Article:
Āyurveda (आयुर्वेद, ayurveda) is a branch of Indian science dealing with medicine, herbalism, taxology, anatomy, surgery, alchemy and related topics. Traditional practice of Āyurveda in ancient India dates back to at least the first millenium BC. Literature is commonly written in Sanskrit using various poetic metres.

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India history and geogprahy

Source: Cologne Digital Sanskrit Dictionaries: Indian Epigraphical Glossary

Āḍhaka.—(IE 8-6; EI 27), a measure of capacity; often regarded as equal to 264 handfuls and to one-fourth of a droṇa; 16 to 20 seers according to Bengali authors; also used as a shortened form of āḍhavāpa or ādhakavāpa. Note: āḍhaka is defined in the “Indian epigraphical glossary” as it can be found on ancient inscriptions commonly written in Sanskrit, Prakrit or Dravidian languages.

India history book cover
context information

The history of India traces the identification of countries, villages, towns and other regions of India, as well as royal dynasties, rulers, tribes, local festivities and traditions and regional languages. Ancient India enjoyed religious freedom and encourages the path of Dharma, a concept common to Buddhism, Hinduism, and Jainism.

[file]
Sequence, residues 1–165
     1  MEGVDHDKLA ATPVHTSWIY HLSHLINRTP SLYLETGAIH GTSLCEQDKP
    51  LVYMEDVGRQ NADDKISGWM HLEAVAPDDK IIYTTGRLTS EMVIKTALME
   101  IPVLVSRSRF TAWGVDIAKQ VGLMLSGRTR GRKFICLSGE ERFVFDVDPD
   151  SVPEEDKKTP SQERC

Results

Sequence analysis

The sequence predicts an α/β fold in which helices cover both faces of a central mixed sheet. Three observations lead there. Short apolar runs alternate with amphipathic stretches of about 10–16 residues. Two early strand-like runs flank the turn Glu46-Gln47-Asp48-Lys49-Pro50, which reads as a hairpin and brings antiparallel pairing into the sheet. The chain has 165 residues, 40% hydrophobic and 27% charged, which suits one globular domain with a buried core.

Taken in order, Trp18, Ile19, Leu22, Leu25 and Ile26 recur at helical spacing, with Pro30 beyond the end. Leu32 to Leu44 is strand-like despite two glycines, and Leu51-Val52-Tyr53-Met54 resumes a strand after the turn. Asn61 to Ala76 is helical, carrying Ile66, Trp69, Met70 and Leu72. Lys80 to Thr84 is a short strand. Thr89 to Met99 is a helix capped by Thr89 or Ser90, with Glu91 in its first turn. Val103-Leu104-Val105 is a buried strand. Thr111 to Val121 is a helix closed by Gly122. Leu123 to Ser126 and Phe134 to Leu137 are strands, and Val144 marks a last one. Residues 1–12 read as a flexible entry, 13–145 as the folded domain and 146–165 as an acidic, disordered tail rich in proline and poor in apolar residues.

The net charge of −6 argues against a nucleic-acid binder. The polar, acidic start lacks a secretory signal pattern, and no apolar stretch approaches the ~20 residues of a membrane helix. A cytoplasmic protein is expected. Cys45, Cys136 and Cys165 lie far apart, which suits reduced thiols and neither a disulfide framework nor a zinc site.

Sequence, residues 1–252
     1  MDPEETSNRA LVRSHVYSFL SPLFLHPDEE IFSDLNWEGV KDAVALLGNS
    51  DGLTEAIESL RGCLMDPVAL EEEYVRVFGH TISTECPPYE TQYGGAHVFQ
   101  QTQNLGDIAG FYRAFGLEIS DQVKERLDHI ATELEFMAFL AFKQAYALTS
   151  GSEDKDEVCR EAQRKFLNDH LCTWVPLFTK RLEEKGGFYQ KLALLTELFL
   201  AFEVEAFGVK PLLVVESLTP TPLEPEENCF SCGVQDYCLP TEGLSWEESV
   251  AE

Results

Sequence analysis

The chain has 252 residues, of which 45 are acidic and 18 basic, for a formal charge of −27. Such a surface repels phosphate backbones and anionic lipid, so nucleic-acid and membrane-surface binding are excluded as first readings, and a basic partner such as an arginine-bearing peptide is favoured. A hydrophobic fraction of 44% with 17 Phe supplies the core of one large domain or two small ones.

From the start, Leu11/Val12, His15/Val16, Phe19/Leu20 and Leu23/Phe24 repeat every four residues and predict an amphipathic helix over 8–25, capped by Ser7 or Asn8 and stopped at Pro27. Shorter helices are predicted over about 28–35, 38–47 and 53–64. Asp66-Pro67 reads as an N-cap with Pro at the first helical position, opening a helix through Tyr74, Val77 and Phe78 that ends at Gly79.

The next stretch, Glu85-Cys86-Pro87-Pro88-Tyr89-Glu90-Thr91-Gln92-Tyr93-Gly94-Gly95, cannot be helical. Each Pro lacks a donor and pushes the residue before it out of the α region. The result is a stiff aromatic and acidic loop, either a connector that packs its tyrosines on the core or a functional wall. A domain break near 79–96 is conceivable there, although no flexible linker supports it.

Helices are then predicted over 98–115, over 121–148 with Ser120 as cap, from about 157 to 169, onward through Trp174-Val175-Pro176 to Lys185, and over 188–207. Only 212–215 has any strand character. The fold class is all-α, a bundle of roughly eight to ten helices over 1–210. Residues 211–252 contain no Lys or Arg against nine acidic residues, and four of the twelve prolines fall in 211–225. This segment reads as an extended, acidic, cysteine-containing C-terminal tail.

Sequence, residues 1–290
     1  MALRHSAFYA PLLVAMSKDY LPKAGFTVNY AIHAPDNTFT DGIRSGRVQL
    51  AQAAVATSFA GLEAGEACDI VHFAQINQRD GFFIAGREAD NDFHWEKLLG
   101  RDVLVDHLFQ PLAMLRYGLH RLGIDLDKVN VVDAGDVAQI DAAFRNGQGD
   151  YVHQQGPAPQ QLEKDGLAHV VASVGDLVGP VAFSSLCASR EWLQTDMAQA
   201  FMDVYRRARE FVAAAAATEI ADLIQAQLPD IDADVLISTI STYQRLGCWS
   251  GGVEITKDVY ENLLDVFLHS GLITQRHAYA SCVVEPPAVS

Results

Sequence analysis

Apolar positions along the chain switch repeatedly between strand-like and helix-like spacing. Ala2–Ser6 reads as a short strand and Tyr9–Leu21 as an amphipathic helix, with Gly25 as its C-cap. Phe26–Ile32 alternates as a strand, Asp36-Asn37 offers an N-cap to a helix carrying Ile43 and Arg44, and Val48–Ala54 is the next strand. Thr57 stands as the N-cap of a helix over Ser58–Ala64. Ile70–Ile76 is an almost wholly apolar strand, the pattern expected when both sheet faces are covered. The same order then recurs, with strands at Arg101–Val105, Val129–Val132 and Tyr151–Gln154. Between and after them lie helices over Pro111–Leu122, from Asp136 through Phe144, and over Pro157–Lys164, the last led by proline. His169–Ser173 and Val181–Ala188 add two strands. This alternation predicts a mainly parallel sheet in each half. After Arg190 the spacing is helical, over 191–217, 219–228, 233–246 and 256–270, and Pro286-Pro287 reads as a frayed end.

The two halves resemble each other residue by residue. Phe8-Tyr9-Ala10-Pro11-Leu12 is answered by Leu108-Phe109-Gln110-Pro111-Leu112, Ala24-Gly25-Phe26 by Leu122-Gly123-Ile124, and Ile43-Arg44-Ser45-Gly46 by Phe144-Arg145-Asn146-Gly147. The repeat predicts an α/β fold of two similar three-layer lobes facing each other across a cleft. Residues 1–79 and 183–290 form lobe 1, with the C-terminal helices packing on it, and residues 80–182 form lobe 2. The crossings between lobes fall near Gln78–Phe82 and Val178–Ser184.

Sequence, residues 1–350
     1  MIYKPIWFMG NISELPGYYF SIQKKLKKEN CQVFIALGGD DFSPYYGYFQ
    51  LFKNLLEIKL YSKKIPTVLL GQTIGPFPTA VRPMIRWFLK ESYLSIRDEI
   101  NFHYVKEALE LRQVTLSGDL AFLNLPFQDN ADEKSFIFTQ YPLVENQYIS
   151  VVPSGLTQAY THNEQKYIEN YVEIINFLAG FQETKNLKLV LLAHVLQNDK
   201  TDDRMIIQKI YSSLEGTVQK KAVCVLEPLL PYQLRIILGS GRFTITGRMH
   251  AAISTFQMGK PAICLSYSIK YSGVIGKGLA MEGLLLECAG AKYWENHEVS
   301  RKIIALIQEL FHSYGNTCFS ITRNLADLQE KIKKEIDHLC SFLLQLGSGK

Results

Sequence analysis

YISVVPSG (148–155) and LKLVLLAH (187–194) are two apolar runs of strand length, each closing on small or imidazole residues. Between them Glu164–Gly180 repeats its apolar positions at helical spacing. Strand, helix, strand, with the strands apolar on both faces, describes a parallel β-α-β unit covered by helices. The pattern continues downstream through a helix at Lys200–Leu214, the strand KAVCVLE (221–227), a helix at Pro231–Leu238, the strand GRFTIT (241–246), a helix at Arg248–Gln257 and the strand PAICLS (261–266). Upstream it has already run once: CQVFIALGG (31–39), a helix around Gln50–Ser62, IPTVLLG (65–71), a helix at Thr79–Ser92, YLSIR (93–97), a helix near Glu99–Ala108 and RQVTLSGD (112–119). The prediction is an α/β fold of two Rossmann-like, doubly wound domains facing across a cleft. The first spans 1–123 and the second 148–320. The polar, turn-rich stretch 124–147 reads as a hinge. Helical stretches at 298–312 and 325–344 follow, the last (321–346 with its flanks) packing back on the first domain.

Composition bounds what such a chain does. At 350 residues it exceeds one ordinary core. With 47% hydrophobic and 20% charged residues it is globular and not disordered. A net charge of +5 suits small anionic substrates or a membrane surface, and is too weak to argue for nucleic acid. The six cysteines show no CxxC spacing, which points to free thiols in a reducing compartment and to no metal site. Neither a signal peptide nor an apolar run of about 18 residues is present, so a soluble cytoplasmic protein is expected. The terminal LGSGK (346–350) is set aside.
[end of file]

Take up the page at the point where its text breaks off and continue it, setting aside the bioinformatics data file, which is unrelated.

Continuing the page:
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Languages of India and abroad

Sanskrit dictionary

Source: DDSA: The practical Sanskrit-English dictionary

Āḍhaka (आढक).—A measure of grain, the 4th of a Droṇa = 64 Prasthas = 16 Kuḍavas = (nearly 7 lbs. 11 ozs. avoir.); अष्टमुष्टिर्भवेत् कुञ्चिः कुञ्चयोऽष्टौ तु पुष्कलम् । पुष्कलानि च चत्वारि आढकः परिकीर्तितः (aṣṭamuṣṭirbhavet kuñciḥ kuñcayo'ṣṭau tu puṣkalam | puṣkalāni ca catvāri āḍhakaḥ parikīrtitaḥ) ||

-kī 1 A kind of pulse (Mar. tūra).

2) A kind of fragrant earth (Mar. gopīcaṃdana).

Derivable forms: āḍhakaḥ (आढकः), āḍhakam (आढकम्).

Source: Cologne Digital Sanskrit Dictionaries: Benfey Sanskrit-English Dictionary

Āḍhaka (आढक).— (a transformation of ardha + ka), m. n. A measure of grain, equal to 7 lb. 11 oz. avoirdupois, [Hitopadeśa] [prologue.] [distich] 19.

Source: Cologne Digital Sanskrit Dictionaries: Cappeller Sanskrit-English Dictionary

Āḍhaka (आढक).—[masculine] [neuter] (adj. —° [feminine] ī) a cert. measure of grain.

Source: Cologne Digital Sanskrit Dictionaries: Monier-Williams Sanskrit-English Dictionary

Āḍhaka (आढक):—mn. ([gana] ardharcādi q.v.; ifc. f(ī). , [Pāṇini 4-1, 22 and v, 1, 54] [commentator or commentary]) a measure of grain (= 1/4 droṇa = 4 prasthas = 16 kuḍavas = 64 palas = 256 karṣas = 4096 māṣas; = nearly 7 lbs. 11 ozs. avoirdupois; in Bengal = two mans or 164 lbs. avds.)

context information

Sanskrit, also spelled संस्कृतम् (saṃskṛtam), is an ancient language of India commonly seen as the grandmother of the Indo-European language family (even English!). Closely allied with Prakrit and Pali, Sanskrit is more exhaustive in both grammar and terms and has the most extensive collection of literature in the world, greatly surpassing its sister-languages Greek and Latin.